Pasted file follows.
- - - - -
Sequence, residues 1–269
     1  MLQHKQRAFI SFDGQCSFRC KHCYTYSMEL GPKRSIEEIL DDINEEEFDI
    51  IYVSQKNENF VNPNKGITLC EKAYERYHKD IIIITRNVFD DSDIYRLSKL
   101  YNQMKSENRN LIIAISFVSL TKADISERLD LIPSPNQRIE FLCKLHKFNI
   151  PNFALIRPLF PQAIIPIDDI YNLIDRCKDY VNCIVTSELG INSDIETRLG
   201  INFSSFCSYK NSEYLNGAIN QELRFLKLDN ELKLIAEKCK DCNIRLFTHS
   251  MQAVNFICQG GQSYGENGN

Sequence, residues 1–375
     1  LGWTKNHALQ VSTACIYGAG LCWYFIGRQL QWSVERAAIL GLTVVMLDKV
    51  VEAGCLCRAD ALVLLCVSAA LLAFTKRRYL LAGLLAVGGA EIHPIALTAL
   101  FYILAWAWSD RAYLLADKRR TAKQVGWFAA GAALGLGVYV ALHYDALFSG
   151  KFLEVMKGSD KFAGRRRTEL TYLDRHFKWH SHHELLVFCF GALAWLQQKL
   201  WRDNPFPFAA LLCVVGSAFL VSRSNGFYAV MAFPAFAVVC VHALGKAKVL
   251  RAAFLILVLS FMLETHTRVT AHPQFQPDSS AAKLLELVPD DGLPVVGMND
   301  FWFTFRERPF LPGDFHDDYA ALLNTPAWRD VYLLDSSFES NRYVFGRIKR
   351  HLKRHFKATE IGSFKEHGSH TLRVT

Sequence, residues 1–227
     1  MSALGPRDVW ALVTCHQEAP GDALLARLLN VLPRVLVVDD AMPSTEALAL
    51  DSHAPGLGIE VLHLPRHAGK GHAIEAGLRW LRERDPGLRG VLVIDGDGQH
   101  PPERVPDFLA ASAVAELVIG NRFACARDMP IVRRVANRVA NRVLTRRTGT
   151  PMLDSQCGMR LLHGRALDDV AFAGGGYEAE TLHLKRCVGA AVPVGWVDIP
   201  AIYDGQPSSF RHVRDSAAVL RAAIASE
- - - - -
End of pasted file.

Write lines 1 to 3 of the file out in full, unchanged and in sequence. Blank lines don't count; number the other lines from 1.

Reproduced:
Sequence, residues 1–269
     1  MLQHKQRAFI SFDGQCSFRC KHCYTYSMEL GPKRSIEEIL DDINEEEFDI
    51  IYVSQKNENF VNPNKGITLC EKAYERYHKD IIIITRNVFD DSDIYRLSKL